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Feelings Are As Important As Facts
Posted: 4/28/2011 | Radio Show Comments
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Join me on Wednesday, May 4th at 4PM EST / 1PM PST as I talk with John Lee on How To Increase the Emotional Intelligence of Your Man. 

 
We will discuss: The need for personal boundaries and why he needs you to have them; How stop his—or your—criticism, manipulation and blame games; How to recognize whether your anger or his anger is healthy or unhealthy; and how the best kept secret in psychology can help your relationship.
 
John Lee, best-selling author has written nineteen books, including The Flying Boy: Healing the Wounded Man, and his latest release 24 Things to Increase the Emotional Intelligence of Your Man.
 
In the meantime, enjoy this special article from John! We hope you will join us.
 
Feelings Are As Important As Facts
 
First things first—A feeling is a fact at the moment a woman is experiencing it. Another fact: Most women tend to be more in touch and connected to their feelings and emotions. Men if you are reading this, emotion is as important as logic and reason. In other words, if a person— whether man or woman— feels sad because their pet of ten years is lost or died the sadness is as real as the sun and they are not to be talked out of their feelings. Instead they should receive empathy. If someone is angry about losing a job their anger is as real to them as the ground they are standing on. 
 
Unfortunately many people, particularly men have been taught that the expression of feelings and emotions makes them weak or inferior in some way. 
 
Dr. Michael Revito says, “…the forces that defined masculinity have therefore shaped and molded an idea of a man as one who should not demonstrate vulnerability or weakness in any kind of visible form. The idea of a man being vulnerable is viewed as a gateway of losing their masculinity.” This is changing rapidly for younger generations who are being exposed to the concept of emotional intelligence early on in their education. As the singer/songwriter Bob Dylan said a long time ago, “the times they are a’changin’.”
 
It is time for men to stop shutting down their feelings and emotions and stop shutting down the women who, to a much larger degree are not only in touch with their feelings but need to express them. It is time that men open up and tell the women they love how they really feel and not just what they think.
 
This book provides  both women and men with takeaways that will increase emotional literacy, vocabulary and emotional range. You will increase and elevate your E.Q. (Emotional Quotient or Emotional Intelligence). You will use exercises in the book that will make you a more emotionally available partner, parent, or spouse and allow you to be more intimate and feel more connected to those you care about. At the same time you’ll be better equipped to succeed as a boss, employee, colleague and friend.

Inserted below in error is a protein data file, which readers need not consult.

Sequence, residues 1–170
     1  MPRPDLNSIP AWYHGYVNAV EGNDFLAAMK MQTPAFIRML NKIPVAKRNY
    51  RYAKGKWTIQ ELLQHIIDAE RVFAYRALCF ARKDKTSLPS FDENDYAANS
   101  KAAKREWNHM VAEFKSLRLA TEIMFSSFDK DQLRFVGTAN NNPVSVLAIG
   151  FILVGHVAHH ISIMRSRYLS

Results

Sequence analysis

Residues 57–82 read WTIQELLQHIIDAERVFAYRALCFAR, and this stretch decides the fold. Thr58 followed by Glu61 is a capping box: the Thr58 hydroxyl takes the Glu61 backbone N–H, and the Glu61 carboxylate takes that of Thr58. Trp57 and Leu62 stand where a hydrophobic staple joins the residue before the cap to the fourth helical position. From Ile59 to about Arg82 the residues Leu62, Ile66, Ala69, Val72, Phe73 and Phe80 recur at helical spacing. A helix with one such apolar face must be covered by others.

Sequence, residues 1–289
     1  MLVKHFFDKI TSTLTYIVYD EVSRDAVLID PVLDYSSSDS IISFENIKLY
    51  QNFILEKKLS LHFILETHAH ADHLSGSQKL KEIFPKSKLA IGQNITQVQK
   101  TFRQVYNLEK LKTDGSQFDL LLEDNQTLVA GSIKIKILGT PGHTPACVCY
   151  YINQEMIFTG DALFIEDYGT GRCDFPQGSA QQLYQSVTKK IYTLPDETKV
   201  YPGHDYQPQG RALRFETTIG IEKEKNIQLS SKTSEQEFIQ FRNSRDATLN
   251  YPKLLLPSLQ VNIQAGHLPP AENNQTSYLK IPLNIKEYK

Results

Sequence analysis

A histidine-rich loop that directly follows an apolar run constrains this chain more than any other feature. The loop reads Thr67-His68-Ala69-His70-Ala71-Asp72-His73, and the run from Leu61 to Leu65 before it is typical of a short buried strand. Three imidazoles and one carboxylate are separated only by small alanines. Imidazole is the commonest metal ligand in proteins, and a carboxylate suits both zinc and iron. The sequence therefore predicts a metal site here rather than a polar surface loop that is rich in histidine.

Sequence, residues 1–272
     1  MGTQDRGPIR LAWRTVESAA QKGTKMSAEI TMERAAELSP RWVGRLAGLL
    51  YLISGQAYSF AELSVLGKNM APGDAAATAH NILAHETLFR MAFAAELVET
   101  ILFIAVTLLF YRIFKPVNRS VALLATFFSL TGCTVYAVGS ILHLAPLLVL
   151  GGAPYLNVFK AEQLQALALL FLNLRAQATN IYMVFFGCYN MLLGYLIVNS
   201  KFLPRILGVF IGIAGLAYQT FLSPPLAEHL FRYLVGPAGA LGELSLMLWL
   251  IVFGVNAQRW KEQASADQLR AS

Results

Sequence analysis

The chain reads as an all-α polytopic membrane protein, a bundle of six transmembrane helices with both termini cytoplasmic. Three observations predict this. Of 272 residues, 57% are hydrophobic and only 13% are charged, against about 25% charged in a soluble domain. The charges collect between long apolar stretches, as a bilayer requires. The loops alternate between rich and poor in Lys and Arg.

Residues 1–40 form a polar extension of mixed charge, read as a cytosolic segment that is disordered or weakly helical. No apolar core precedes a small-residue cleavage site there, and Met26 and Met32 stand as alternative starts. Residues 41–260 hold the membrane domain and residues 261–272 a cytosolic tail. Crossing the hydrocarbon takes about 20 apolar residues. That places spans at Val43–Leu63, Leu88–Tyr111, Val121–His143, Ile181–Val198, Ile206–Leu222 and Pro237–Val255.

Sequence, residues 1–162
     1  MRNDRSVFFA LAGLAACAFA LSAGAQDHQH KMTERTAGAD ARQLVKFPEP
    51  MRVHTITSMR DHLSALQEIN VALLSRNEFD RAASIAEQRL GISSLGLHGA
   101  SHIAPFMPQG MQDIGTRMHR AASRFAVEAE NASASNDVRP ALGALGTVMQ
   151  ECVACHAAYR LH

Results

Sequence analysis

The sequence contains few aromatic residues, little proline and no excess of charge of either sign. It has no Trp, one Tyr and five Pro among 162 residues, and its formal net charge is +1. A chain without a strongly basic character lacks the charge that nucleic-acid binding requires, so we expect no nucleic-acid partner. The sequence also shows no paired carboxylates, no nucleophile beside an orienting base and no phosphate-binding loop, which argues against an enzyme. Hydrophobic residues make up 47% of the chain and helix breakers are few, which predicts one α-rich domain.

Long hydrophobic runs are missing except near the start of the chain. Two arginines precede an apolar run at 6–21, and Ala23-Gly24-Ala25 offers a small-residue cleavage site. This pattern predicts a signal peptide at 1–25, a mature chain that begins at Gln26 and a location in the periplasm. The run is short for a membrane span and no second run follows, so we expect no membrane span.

During the last decade emotional intelligence has become a key factor in achieving success in everything from romantic relationships to a corporation’s bottom line. Each day we make literally hundreds of decisions  that require us to be in tune with our emotional selves; decisions that can’t be made with reason and rational though alone “Emotional Intelligence refers to the ability to sense, understand, value and effectively apply the power and acumen of emotions as a source of human energy, information, trust, creativity and influence.” (Goleman, 1995)
 
In the recent past a person’s IQ (intelligence quotient) was the standard used to hire corporate executives or other high-powered positions. It is now becoming secondary to a person’s EQ (emotional intelligence quotient). Studies show that a person’s IQ is set by age twenty or twenty-one, but emotional intelligence can be increased anytime at any stage in a person’s life. 
 
EQ is rapidly becoming more important when it comes to hiring a manager or picking a mate because, as many of us have experienced, a high IQ does not equal happiness or success, but a high EQ does.
 
In an interview with the Chicago Booth News, Jamie Dimon, chairman and CEO of JPMorgan Chase, says, “A talent for dealing with people tops the list of important business skills. It’s not IQ that leads to success. EQ is more important: emotional intelligence, social skills, how you relate, can you get things done. That’s what makes a difference, especially in management.”
 
Women, read this book first. All of what is said here is very applicable to your own emotional well-being but will also become a handbook to help the men you love get more and more comfortable with their feelings and yours’ at home and at work.



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